When does Ramadan end in 2022? Ramadan will end this year on Sunday May 1 or Monday May 2, 2022, which will see the start of Eid Al-Fitr.
Why the confusion about the dates?
The exact dates of the month-long fast in the Islamic calendar are tied to the movements of the Moon, with the first sighting of the crescent Moon this weekend the trigger for the end of Ramadan and the start of the three-day holiday. of Eid. al-Fitr (the “feast of breaking the fast”).
However, this New Moon is not only a “Shawwal Moon”, but also a “Black Moon”. Incredibly, it will also cause the first solar eclipse of 2022 when the Moon crosses the Sun, observable only in South America, and make it easier to see a rare conjunction of Venus and Jupiter and a “shooting star” display caused by the comet. Halley.
Here’s everything you need to know about a busy weekend about the importance of our natural satellite in space:
What is a ‘Shawwal Moon’?
Muslims call this auspicious crescent Moon the “Shawwal Moon” because it occurs in the tenth month of the Islamic calendar, which is based on the phases of the Moon. His sighting begins Eid Al-Fitr.
Shawwal’s Moon may arrive just hours after the astronomical New Moon. A New Moon is invisible. It occurs when the Moon is approximately between the Earth and the Sun, so it is lost in the glare of our star from our point of view. It then briefly emerges in the west just after sunset as a super-thin crescent. That is the “Shawwal Moon”.
When is the ‘Shawwal Moon?’
It will likely be Sunday, May 1, 2022, or Monday, May 2, 2022. On Sunday, May 1, 2022, the crescent Moon will only be 0.7% illuminated and will have 0.9 days, which can be too difficult for astronomers to see. just after sunset. However, the following night the Moon will be 3.4% illuminated and will have 1.8 days, so it will be slightly brighter in the post-sunset sky. It will also be higher in the sky.
What is a ‘Black Moon’?
Although there are various definitions, the term “Black Moon” is used to describe the scenario when there is more than one New Moon in the same calendar month.
That’s what’s happening in April for everyone on the planet, and it’s the only universal “Black Moon” in 2022.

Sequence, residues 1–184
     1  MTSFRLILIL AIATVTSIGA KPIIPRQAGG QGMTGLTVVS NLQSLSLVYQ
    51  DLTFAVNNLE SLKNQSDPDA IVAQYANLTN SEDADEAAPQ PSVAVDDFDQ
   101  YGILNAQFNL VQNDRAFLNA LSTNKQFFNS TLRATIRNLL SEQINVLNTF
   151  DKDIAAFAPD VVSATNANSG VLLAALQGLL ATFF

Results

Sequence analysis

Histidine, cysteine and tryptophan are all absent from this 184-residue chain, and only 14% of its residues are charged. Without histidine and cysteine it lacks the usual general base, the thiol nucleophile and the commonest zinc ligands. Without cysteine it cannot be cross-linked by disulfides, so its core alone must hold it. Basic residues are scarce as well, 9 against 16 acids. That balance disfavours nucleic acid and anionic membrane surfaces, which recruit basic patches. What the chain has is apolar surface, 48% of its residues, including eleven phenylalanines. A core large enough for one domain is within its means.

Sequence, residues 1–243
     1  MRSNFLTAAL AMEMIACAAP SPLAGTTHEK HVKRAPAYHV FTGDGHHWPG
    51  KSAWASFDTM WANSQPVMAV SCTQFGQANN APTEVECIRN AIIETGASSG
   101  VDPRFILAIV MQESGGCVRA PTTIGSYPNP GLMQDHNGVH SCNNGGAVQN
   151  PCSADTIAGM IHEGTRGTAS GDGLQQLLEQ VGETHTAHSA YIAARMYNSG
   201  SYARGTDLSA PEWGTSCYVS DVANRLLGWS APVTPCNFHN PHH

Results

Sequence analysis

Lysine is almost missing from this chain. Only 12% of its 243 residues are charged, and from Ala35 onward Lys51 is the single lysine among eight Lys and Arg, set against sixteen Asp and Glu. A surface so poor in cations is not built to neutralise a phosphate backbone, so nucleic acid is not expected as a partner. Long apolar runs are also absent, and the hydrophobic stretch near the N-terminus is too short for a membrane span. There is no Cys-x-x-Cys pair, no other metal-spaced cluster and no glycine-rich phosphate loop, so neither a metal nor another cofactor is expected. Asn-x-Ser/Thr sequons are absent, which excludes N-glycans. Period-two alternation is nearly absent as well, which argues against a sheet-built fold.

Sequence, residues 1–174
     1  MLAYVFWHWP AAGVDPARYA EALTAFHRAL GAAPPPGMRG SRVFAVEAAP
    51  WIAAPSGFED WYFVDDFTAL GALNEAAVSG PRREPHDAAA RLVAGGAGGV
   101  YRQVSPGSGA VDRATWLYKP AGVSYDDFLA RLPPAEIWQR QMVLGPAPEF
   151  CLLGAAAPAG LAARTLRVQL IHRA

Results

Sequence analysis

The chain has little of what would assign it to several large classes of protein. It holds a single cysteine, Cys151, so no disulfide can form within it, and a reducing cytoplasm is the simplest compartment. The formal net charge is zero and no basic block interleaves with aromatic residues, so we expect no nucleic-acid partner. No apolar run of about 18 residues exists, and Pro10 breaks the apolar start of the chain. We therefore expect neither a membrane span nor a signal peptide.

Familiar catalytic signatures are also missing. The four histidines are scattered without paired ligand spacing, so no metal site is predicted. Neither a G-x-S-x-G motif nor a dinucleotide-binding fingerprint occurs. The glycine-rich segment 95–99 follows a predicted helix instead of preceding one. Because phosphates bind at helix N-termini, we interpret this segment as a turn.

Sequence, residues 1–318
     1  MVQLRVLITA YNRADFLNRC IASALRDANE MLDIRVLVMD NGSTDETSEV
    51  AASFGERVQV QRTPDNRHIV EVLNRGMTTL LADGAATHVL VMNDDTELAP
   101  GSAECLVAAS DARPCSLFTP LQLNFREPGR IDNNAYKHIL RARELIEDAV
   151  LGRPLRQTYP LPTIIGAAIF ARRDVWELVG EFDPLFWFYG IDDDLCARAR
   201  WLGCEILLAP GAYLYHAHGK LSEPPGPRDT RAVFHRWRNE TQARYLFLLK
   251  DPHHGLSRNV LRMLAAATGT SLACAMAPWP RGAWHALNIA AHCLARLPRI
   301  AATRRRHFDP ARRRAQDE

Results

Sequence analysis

A “Black Moon” can occur because the Moon takes 29.5 days to orbit the Earth, which is about the length of a month (one month). Moon). The reason most months are longer than that, and one month, February, shorter, is because 12 orbits of the Moon are only 354 days… and we know that it takes Earth 364 days to orbit around of the Sun. Our calendar is solar, not lunar, although many religious festivals operate on a lunar calendar.
When and where is the solar eclipse?
The New Moon will also cause the first solar eclipse of 2022. Approximately 90 minutes before sunset on Saturday, April 30, 2022, as seen from Chile, the New Moon will appear to cross the Sun. It will block up to 54% (though less as further north is the observer).
So it’s a partial solar eclipse, which is dangerous to watch without solar eclipse safety glasses.
As the eclipsed Sun sinks into the Pacific Ocean, it should herald some beautiful images, the opposite of this bizarre sight seen in North America during the partial solar eclipse this past June 2021.
When is the conjunction of Venus and Jupiter?
Look east before sunrise on Saturday, April 30, 2022, and you’ll see the two brightest planets, Jupiter and Venus, in close conjunction. In fact, they will be only 12 feet apart in the sky before sunrise.
If that’s not enough astronomy for you for a weekend, keep an eye out for “shooting stars” because the Eta Aquarid meteor shower peaks May 4-5, 2022.
I wish you clear skies and wide eyes.